get the camera to finally focus and get the picture I wanted. Sometimes it just won’t happen.
Go back with your SLR camera and adjust the focus if you really want that shot!

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Number eight:  Try turning your camera upside down sometimes.

Sometimes a shot from above isn’t all that interesting or doesn’t show depth. You can’t
always get down low enough to compensate. Turn your camera upside down and take the
photo. You’ll be surprised at the different it makes.  The first photo is taken from above.

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I got this photo by turning the camera upside down.  I like them both, but the upside down photo gives a very different look.

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Number nine: (Related to number eight.) Try taking the shot from a lower level than
you’d usually use. Put the camera waist-high and see the difference.

Everyone take photos from face height. That doesn’t make it bad but you can sometimes
get a more interesting shot if you take it from waist-high, especially when taking landscape
shot. Try it both ways and see the difference.  These photos show the difference.  The first is taken from a normal view, standing with the camera at eye level.  In the second, I’ve lowered the camera and the shot becomes more interesting.

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Saturday I’ll wrap up my hints.  See you then.

We stopped to look at a lake and I wandered off to take photos of some more mushrooms.  On my way back, I spotted this, another example of why I’m enthralled with close-ups of water drops on flowers, leaves, etc.  Turning the camera sideways and lowering it made the difference in this shot.  How fortuitous that this week’s Phoneography Challenge is “Macro.”  🙂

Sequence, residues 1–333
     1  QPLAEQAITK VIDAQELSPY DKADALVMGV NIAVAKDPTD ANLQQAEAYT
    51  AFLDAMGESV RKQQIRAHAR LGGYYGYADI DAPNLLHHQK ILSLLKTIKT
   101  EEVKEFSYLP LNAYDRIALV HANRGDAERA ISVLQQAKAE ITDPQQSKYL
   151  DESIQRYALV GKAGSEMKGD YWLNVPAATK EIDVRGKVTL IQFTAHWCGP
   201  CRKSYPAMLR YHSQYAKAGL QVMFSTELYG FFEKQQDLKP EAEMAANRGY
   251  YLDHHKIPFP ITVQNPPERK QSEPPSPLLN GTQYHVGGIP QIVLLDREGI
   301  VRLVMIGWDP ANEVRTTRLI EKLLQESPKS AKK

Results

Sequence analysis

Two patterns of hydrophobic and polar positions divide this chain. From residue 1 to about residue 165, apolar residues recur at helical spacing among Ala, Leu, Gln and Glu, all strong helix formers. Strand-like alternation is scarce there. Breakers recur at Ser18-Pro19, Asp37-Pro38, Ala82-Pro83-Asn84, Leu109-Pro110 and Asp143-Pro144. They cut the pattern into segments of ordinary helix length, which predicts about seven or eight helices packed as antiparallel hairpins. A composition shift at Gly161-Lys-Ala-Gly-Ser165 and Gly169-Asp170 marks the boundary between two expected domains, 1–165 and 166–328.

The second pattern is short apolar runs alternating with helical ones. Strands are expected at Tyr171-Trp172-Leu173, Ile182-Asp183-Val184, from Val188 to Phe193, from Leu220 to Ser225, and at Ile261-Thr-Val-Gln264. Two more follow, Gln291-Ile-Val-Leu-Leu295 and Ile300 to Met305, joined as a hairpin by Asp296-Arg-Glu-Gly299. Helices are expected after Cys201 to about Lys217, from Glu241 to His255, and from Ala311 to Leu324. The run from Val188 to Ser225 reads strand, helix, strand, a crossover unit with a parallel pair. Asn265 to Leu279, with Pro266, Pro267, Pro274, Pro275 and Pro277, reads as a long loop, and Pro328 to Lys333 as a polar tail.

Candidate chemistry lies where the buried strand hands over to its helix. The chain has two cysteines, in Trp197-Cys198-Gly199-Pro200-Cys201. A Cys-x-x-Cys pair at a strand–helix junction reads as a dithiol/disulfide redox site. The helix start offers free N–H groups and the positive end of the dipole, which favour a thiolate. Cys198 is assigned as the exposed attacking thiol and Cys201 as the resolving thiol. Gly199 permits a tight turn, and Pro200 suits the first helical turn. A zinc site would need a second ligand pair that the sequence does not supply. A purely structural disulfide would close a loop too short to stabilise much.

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Every so often, a fifth Monday occurs and that’s the time Phoneography Challenge goes wild with “Editing and Processing with Various Apps Using Themes from the Fourth Week.”  I’m playing with dogs, so to speak, this week.  This is Zoe, adopted by a friend and her husband.  Zoe can jump three feet or so straight up in the air and loves to perch on the edges of couches or cushy chairs.  Here she is in a moment of relaxation and after that, I have a little fun with her.

The original: the one, the only, Zoe

The original: the one, the only, Zoe

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Night photography can be one of the most difficult types of photography, especially if you primarily use a phone camera as I do.  But if you persist, you can find some excellent photo opportunities, especially if you want to create some atmosphere.  In this first photo, taken in Wyoming’s Big Horn Mountains as we made our way back up at night, I like the subtly of the photo and the somewhat eerie night feel.

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This photo is opposite in both feel and subtlety, or lack thereof.  It’s also opposite in place, taken in bustling downtown Naperville by the river walk.